Third, the greatness that President Trump wishes to restore, and that so many Americans hope he can restore, is never amoral. American greatness does not lie in the greatest possible success in wringing advantage from other (sometimes weaker or poorer) countries, but in leading alliances that stand for freedom as well as prosperity. Today, as during the Cold War and before it, those alliances are impure. We allied with Stalin against Hitler, and with many tin-pot dictators during the Cold War. It was FDR who said of Anastasio Somoza in Nicaragua that “Somoza may be a son of a bitch, but he’s our son of a bitch,” and during the Cold War this view was applied throughout Latin America, Africa and Asia, including the Philippines. President Jimmy Carter is recalled for his commitment to human rights. But he spent the first New Year’s weekend of his presidency in Tehran, where he said this: “Iran, because of the great leadership of the shah, is an island of stability in one of the more troubled areas of the world. This is a great tribute to you, your majesty, and to your leadership and to the respect and the admiration and love which your people give to you.” The shah was overthrown just over a year later. Similarly, though four American missionary women and Archbishop Oscar Romero were killed by death squads in El Salvador in 1980, Carter did not cut off U.S. aid to the military junta ruling there before leaving office. Why not? The answer is realpolitik.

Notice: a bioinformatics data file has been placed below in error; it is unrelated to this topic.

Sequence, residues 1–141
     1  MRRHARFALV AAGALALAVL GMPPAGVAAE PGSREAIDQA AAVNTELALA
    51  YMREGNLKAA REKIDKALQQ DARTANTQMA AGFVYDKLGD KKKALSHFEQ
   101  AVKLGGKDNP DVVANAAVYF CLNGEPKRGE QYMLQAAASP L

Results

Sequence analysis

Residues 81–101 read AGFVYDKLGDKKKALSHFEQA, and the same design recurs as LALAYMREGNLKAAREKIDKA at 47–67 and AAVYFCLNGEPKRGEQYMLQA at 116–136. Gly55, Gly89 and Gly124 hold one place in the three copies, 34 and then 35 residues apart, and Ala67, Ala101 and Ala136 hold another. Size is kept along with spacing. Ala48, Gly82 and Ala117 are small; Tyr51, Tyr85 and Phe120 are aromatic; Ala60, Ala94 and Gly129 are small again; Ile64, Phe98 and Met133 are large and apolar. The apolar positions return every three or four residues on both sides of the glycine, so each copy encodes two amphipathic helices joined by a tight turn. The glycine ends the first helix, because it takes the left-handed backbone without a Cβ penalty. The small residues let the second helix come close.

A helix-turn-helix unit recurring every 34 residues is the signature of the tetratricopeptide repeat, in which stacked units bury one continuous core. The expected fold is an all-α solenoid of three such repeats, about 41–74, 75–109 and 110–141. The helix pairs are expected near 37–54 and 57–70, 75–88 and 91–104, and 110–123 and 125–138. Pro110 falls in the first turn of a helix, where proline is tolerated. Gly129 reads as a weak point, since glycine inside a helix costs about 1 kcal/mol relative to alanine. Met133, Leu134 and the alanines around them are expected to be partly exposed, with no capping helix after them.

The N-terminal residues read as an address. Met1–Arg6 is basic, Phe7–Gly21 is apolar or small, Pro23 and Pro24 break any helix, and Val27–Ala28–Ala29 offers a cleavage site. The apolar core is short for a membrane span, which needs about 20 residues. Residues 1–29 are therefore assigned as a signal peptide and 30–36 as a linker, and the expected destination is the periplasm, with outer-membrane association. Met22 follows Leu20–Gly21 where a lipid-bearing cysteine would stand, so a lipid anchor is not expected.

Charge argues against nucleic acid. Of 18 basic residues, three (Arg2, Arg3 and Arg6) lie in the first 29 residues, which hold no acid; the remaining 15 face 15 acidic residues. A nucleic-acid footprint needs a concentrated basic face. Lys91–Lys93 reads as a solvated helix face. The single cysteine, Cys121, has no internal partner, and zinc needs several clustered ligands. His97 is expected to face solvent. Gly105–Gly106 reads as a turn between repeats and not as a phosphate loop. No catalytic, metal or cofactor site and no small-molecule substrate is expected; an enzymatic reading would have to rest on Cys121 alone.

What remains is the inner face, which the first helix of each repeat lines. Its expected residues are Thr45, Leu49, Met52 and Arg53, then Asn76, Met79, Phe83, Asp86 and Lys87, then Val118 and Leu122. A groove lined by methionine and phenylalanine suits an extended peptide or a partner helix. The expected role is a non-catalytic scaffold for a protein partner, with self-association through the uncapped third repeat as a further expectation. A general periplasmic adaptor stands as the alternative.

But that decision by President Carter did not suggest that he was indifferent to human rights in El Salvador, and of course he was not. He made a judgment, and such difficult judgments balancing ideals and interests are inescapable for any president. The U.S. government is not an NGO.
But successful balancing requires a fair weighting for the value of America’s association with freedom. When it came to supporting right-wing dictatorships in order to avoid communist takeovers, it was President John F. Kennedy who concluded, “Those who make peaceful revolution impossible will make violent revolution inevitable.” With this lesson in mind, Ronald Reagan helped escort Augusto Pinochet out of the presidency in Chile. When it came to fighting terrorism, it was George W. Bush who said that “in the long run, stability cannot be purchased at the expense of liberty” and noted, “Successful societies protect freedom with the consistent and impartial rule of law.”